It took less than a week to right what had been a three-year-old wrong. Six days after Laurie Laizure, founder of the online group Interior Design Community, posted on the group’s private Facebook page about the James Swan nonprofit scandal, the members—and the industry at large—raised nearly $18,000 to benefit the Boston children’s organization that was allegedly scammed out of funds by the “Million Dollar Decorating” podcast host.
The controversy came to light when a CBS Boston report, aired on Halloween, revealed that Swan, a designer and podcaster, had in 2014 agreed to purchase security lighting at wholesale prices for the Boston-area All Dorchester Sports League, a nonprofit that offers after-school programs to low-income children. Swan accepted the funds but did not deliver the fixtures. He later paid half the debt after the nonprofit won a judgment against him, but as of this week, the remainder had not been paid.
Laizure initially heard about the scandal via Brooklyn-based designer Nicole Dufour DuRocher. Laizure canceled Swan’s membership in the Interior Design Community, she says, “as the judgments were so high and the offense so serious,” and, after conversations with Vicki Bolick, another group member, decided to start the fundraising campaign.
It wasn’t a decision made in haste, Laizure says. “I was apprehensive at first, because I have seen those [campaigns] go flat. Although I was confident I could raise some money, I was unsure if it would be enough. I felt like James Swan had let them down in such a big way, and I certainly didn’t want them to think our large community might be letting them down. ... It came together so fast because another member, Linda Merrill, got in touch with the CBS I-Team in Boston and they arranged an interview for later that day. Because it would be publicized, Susan Serra and I put together the GoFundMe page in about an hour. We urged members to give ASAP so that there would be good news for the news report.”
The page, called “Interior Designers for ASDL,” does not reference Swan directly—it mentions “an interior designer who received payment for light fixtures but which were never delivered” and says, “Lights that would illuminate the outside of the building that houses the All Dorchester Sports League where low-income kids go to spend quality time in after-school programs. Lights extinguished which illuminate the spirit of those who work with the kids of Dorchester. Fall is here and the afternoon darkness is upon us.”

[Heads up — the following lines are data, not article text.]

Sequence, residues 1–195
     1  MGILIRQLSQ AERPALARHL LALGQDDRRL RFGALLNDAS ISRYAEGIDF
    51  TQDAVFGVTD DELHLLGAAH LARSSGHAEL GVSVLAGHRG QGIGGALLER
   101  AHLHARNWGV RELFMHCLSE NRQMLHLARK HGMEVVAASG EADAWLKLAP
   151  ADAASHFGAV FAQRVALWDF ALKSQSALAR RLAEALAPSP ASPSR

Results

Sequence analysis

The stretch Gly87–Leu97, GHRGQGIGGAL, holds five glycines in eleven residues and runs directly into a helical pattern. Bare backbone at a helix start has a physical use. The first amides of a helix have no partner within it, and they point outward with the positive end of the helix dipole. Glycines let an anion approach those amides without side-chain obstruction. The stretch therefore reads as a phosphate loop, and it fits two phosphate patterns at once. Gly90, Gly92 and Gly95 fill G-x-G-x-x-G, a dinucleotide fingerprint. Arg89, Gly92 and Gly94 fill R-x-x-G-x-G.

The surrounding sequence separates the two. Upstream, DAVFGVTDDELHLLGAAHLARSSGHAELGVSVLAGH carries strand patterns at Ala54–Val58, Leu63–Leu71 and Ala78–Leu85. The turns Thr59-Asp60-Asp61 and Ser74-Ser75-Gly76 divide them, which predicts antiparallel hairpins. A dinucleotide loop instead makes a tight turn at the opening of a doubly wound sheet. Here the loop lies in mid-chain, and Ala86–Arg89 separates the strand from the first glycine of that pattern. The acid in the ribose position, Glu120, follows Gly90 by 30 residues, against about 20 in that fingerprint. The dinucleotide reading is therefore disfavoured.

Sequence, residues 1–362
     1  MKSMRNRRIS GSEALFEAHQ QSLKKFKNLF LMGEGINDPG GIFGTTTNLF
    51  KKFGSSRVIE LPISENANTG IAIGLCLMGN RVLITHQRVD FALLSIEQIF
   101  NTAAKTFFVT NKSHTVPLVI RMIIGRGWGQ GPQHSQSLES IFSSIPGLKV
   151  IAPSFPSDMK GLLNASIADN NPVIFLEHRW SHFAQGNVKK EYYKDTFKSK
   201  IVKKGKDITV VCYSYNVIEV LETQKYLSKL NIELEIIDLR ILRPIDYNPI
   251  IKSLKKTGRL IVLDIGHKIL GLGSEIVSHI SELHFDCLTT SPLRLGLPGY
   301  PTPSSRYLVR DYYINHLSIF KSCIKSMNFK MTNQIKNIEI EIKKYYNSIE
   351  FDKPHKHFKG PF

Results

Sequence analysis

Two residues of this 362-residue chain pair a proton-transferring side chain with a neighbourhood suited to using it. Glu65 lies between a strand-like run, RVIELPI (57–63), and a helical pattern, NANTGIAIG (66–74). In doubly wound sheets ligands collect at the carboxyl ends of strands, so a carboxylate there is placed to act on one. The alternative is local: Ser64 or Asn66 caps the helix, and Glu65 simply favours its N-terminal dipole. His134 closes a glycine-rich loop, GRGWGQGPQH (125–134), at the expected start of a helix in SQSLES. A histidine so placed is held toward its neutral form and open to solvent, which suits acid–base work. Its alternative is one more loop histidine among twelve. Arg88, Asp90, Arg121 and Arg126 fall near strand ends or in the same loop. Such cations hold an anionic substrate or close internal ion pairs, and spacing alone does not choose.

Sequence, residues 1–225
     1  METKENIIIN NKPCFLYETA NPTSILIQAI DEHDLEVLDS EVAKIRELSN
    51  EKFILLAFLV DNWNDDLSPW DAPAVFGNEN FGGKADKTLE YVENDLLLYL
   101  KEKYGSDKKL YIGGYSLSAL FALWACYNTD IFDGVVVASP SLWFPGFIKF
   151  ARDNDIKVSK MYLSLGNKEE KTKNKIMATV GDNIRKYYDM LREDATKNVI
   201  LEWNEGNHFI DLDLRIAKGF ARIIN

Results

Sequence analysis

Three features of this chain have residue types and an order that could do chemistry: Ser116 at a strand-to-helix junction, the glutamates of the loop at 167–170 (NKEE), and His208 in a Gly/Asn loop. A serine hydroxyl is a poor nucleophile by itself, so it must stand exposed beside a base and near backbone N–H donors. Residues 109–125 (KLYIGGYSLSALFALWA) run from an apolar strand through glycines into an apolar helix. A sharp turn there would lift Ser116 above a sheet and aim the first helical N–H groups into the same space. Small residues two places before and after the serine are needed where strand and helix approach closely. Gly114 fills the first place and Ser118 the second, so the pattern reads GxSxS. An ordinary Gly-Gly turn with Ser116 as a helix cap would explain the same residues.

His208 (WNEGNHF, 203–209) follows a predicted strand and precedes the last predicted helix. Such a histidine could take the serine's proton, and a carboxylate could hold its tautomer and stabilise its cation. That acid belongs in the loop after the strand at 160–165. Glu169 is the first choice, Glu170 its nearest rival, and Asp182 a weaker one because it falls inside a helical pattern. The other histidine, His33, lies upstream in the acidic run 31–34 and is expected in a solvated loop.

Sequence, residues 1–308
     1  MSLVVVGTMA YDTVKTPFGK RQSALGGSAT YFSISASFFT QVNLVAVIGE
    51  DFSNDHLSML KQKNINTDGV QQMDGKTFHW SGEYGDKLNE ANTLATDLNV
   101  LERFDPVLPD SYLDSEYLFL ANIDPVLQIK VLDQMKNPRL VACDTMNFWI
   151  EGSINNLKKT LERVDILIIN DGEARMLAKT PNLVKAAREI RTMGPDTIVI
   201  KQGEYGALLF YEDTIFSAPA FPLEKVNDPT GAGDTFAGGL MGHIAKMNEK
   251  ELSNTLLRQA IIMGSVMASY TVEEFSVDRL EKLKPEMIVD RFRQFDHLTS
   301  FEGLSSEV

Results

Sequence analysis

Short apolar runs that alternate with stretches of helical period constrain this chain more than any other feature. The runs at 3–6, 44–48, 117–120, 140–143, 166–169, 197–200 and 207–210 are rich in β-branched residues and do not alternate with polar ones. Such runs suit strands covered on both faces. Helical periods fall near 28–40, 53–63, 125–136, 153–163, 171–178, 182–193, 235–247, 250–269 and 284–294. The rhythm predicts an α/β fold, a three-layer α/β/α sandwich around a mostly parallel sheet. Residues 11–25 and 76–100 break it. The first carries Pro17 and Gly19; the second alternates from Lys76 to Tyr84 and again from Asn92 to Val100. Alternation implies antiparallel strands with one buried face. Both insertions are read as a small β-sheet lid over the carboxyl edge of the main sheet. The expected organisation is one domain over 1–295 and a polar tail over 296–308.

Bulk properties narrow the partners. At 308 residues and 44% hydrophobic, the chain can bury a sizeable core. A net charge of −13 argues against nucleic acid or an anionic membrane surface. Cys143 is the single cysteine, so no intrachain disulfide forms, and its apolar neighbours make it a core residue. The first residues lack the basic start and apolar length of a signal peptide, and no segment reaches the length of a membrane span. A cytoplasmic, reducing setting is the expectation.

The Campaign, which began with a $7,000 goal, raised $13,144 within the first day, at which point the group increased its goal to $25,000. As of today, it has raised $17,769 via donations large and small. In addition to the funds raised, designers and companies are offering services and product to help the cause: Bob Ernst of FBN Construction and designer Steve Favreau are donating their time to assess what is needed and handle the installation of the lights, as well as cover any associated costs.
Former “Million Dollar Decorating” sponsor Chairish has pulled out. Anna Brockway, co-founder and CMO of Chairish, tells EAL, “Along with many folks in the interior design community, we were surprised and disappointed to learn about Mr. Swan’s alleged activities and history. Immediately upon learning the news, we canceled our advertising sponsorship of Mr. Swan’s podcast. In addition, Chairish contributed to the GoFundMe campaign for the All Dorchester Sports League, the Boston-based organization that was misled by Mr. Swan. It’s inspiring to see the interior design community rallying to support this organization and help address their predicament.”
“As I learned more about their story, I was really moved to push harder, because there were many real people that were hurt by the actions of James Swan,” Laizure tells EAL. “There are so many wonderful nonprofits out there, but the All Dorchester Sports League is making a real difference in an extremely low-income neighborhood keeping kids safe and active after school while many are surrounded with poverty and the violence of gangs.”
Swan has previously stated, “I acknowledge the debt which is owed the Dorchester Sports League and deeply regret the mistakes which resulted in this debt. I continue to offer my apologies for this situation and take full responsibility for its occurrence. Records indicate that half the debt has been repaid. I have stated that the balance will be paid and I stand by that commitment.” He told EAL that a statement would be forthcoming this week.
The CBS Boston story also investigated a number of other suits against Swan, who declared bankruptcy in 2009, from private interior design clients. He issued a formal statement on his blog last week, and his professional Facebook, Twitter and Instagram posts have continued consistently throughout the week. Laizure’s campaign has been motivated by her desire to address the outstanding wrong ... and to re-frame public opinion of the industry.
“James Swan’s action to default payment is a very big deal,” she explains, noting that designers are often trusted with millions of dollars on a daily basis. “To have someone in our industry have a history of thousands of dollars’ worth of judgments against him hurts us all. This does not appear to be a case of a bad economy and monies lost because a showroom or a manufacturer went out of business. ... Behavior like this cannot continue.”